Zhou’s in Monterey Park joins a few SGV-area restaurants focused on Guilin-style noodles. Here they come dry or in soup, with garnishes of red chile and pickled green beans. The biggest decision is the toppings: sliced beef, pork belly, hog maw, pork liver, fried egg and tofu skin among them. Our server nudged us to start basic: Combination No. 1 (beef and crispy pork, which is skin fried to the texture of croutons) for dry noodles and the No. 7, with roasted beef, for soup.

If you’re at all curious about China’s regional noodle variations, Zhou’s will be a gratifying addition to your SGV dining itineraries. The light broth in the soup tingles gently with spice — pho’s more retiring cousin. A small bowl of broth comes alongside the dry noodles; if you dine solo I’d probably start with Combo No. 1 to most directly experience the chewy-soft, medium-thick strands. I ordered a side of pork belly to add at will, and its richness was a welcome presence.

Dry rice noodle bowl with beef and crisped pork at Zhou’s Guilin Rice Noodle
Dry rice noodle bowl with beef and crisped pork at Zhou’s Guilin Rice Noodle.
(Bill Addison / Los Angeles Times)

Small side salads round out the menu. Before delivering them to us, we could see our server hack garlicky cucumbers in the kitchen through the dining room door.

Wall murals and grainy woods decorate the small, modern space. At a recent lunch the smattering of customers sat absorbed in rice noodle bowls, occasionally glancing up to watch the mounted television. It was tuned to a Chinese-language station; the segment was about the construction of face masks and how to properly wear one.

206 S. Garfield Ave., Monterey Park.

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1919 Lanzhou Beef Noodle

“Spicy?” asked the server as the final question to my requests for two soups. But the tone in her voice made it more of a statement than an inquiry. I was having my soup spicy, as intended.

First, though, there was the matter of choosing which of the nine variations of lamian — hand-pulled wheat noodles — I wanted. There didn’t seem to be wrong choices here. Options ranged from angel hair to regular, thick, flat, prisma (a twisted variety) and wide. Regular for the soup with sliced beef shank, please, and wide for the soup with melting hunks of braised beef shoulder and greens.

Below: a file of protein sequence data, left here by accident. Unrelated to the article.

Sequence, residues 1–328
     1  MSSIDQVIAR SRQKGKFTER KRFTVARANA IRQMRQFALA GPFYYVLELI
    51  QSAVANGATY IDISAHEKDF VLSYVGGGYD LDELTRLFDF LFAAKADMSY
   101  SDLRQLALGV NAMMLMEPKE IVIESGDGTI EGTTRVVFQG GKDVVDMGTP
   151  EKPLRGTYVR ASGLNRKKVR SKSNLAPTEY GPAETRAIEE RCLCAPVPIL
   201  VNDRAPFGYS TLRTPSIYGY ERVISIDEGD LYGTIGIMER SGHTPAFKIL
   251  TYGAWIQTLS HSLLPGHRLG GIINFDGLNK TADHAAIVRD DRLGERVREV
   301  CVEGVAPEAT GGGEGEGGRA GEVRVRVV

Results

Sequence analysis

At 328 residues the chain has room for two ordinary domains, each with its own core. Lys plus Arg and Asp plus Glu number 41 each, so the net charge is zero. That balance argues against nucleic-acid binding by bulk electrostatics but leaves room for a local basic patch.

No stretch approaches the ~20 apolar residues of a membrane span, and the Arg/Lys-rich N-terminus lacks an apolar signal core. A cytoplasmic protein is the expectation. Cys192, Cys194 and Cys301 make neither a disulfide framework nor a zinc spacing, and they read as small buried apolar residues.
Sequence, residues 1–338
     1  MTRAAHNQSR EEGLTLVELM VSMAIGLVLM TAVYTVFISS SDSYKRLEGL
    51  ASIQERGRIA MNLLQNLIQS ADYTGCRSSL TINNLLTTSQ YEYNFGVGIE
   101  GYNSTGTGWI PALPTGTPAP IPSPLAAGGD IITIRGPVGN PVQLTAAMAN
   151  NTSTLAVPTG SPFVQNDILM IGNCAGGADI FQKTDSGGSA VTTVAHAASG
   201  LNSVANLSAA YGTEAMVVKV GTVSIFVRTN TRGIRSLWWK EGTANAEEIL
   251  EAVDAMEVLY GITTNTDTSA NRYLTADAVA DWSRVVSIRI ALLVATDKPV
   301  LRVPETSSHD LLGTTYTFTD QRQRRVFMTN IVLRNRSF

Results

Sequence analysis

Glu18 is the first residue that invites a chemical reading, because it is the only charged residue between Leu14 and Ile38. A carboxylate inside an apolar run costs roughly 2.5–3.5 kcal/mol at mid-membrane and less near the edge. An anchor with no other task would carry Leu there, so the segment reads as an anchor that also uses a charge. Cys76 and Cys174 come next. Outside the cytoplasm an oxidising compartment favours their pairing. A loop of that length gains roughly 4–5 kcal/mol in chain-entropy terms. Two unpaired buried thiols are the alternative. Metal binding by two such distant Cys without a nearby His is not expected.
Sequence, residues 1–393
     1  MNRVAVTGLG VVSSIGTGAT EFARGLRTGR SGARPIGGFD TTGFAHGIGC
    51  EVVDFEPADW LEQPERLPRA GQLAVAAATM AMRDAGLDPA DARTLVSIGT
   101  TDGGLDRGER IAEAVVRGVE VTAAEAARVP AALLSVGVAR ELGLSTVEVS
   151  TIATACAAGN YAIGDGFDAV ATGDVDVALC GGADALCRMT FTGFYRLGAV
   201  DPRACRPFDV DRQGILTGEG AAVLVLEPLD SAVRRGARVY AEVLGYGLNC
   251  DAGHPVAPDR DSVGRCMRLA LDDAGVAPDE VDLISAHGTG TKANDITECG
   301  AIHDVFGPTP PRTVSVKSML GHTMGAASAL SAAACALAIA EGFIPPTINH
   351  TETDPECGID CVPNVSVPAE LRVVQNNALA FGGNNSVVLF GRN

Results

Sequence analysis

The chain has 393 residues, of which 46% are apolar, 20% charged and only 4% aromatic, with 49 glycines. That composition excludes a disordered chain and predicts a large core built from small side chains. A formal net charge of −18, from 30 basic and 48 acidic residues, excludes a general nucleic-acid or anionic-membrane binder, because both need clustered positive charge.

Beef noodle soup is a ubiquitous breakfast dish in Lanzhou, capital of the central Gansu province. Its position along the Yellow River made it a vital center on the Silk Road trade routes, which likely accounts for the far-flung mix of spices in the clear broth: Sichuan peppercorns fire up with cloves, cinnamon, star anise, ginger and white pepper. The chile oil my server rightly urged cast a scarlet sheen over the soup’s surface.

Beef noodle soup at 1919 Lanzhou Beef Noodle
Beef noodle soup at 1919 Lanzhou Beef Noodle.
(Bill Addison / Los Angeles Times)

I watched the cook quickly stretch the dough for my noodles behind glass; my meal was in front of me less than five minutes later. The regular-width noodles had textbook bounciness. Their wider counterparts were frillier and toothier, and, though they’re less orthodox, I preferred them.

1919 Lanzhou Beef Noodle opened in Arcadia last fall; for comparison try Lan Noodle, also new and a mile away. I showed up at 1919 Lanzhou at 11:45 a.m. on Wednesday, and it was empty. I worried for the place as I sat waiting for soup. As soon as the clock hit noon, though, the place filled so quickly and completely that one woman nodded at the empty seat at my table; I gestured for her to please join me. The server began to jog through the small room. I was glad I’d arrived at a moment when she could offer me some welcome guidance.

148 E. Duarte Road, Arcadia, (626) 447-8686.

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Get our weekly Tasting Notes newsletter for reviews, news and more from critics Bill Addison and Patricia Escárcega.